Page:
One of the advantages of staying at such an amazing, inspiring place that prides itself on wholesome baking is, of course, the bread. Today was brightened significantly by the inclusion of some of this delicious doughy goodness with breakfast. Andrew and Veronica are definitely finding some converts to the Wheat Way on this tour. We ran through a slightly rain soaked Fairtrade workshop to come to grips with some of what we’ll be taking to the schools of Scotland.
After some beautiful canopies from kirsty we went through some more workshops and visited e whitmuir organic farm to gaze at the rows of lovely organic things. Dinner was fantastic and was marked by kirsty’s insistence on clutching toilet roll to her chest for the duration. That and the age old question of which veritable is most practical to take to bed. Just as we were ready for bed we has a final bash at the food mandate and after a lot of tired consensus hands waving weakly in the dark, we wrote what will be the rules that our stomachs must obey! Vegan it is.
We woke up revived after a warm sleep. We spent the morning with Edd looking over our bikes. They all past the M test just about; Indea needed a new chain and Joe fixed his up with yet more gaffa tape, cable ties and love? Well determination at least. After possibly the best lunch ever, we had another workshare. This time we set about collecting the hay. Naturally we challenged ourselves to carry the biggest wheelbarrow of hay, there were some impressive entries. We had to pile up the hay in a 2m stack. The image that sticks with me is Annie’s gleeful face as she bounced on top. Afterwards we set out on our first group ride with the trailers! We went to Penicuik and had dinner cooked by the wonderful cooking team ‘lentil central’. We rode back through the sunset and was met by friendly faces and beers back at the farm.
Finally a warm night came to us in our sleep and offset the strange dreams we’ve been having (dead geese searching for their missing wings and trying to rouse us from slumber to help by pecking bad dreams into our heads is the current explanation). Today was a heavy day of sharing hopes and fears for the tour with each other. The intenseness was however slightly counteracted by the wonderful presence of edd and a distracting ergo well placed game of jenga. As the afternoon wore on we welcomed into our slightly wonky-rough-around-the-edges presence two neighbouring children who has agreed (we presume) to watch is perform The Play. Ten minutes later and two little minds blown away we emerged from the barn confident that what we’d performed was ready for the road. Our test audience proved too cool for our message though, after a reference in the script to Heat magazine we asked what kind of magazine he read. RSPB and National Geographic. Whatever happened to the Beano? The evening saw a sad farewell to Liam and Kirsty, we will miss them and all their toilet roll clutching, awkward dancing brilliance.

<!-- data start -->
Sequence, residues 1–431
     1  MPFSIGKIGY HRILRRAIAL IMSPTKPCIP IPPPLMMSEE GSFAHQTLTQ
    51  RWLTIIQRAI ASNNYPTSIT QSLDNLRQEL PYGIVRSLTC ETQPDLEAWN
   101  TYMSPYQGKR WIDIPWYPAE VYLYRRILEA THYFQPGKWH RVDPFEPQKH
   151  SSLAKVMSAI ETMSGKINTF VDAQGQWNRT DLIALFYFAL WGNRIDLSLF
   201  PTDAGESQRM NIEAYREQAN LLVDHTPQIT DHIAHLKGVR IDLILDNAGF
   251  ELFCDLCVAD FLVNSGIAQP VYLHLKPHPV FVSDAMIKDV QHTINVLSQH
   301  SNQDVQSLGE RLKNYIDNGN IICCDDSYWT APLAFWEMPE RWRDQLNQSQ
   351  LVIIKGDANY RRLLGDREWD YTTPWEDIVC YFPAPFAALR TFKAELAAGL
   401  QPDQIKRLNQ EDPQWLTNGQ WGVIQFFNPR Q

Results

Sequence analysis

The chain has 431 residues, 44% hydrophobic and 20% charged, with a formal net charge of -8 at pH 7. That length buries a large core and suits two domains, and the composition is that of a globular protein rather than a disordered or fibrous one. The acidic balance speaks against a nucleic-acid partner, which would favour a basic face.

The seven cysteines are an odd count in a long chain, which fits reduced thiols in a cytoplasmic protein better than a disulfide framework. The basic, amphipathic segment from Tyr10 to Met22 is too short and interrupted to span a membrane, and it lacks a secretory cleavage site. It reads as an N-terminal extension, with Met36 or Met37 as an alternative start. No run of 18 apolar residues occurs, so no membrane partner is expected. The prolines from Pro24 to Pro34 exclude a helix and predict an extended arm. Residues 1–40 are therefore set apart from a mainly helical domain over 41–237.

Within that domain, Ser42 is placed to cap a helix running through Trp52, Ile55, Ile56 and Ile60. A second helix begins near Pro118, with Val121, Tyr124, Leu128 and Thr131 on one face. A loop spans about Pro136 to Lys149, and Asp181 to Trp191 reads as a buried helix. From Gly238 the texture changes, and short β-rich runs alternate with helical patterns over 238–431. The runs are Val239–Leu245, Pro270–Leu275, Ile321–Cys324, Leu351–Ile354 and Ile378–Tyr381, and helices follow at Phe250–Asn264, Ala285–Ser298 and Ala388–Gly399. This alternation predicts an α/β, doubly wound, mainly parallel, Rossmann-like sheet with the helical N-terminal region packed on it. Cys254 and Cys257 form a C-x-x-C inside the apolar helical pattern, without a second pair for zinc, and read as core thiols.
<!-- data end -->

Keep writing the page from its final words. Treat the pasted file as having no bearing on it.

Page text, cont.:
Last day of training! We had 1:1s talks with the staff just to check we were all ok to go, and then tidied up the farm ready to make an early start the next day. Annie sent us on a treasure hunt around the farm whilst Edd, Shaun and her cooked us a delicious final meal – aubergines potatoes and green beans from the farm. Andrew and Veronica joined us for dinner, and we sung a thank you song to the tune of ABBA. That evening we said our goodbyes to the staff that had trained us up so well and received our recycled Otesha t-shirts ready to hit the road!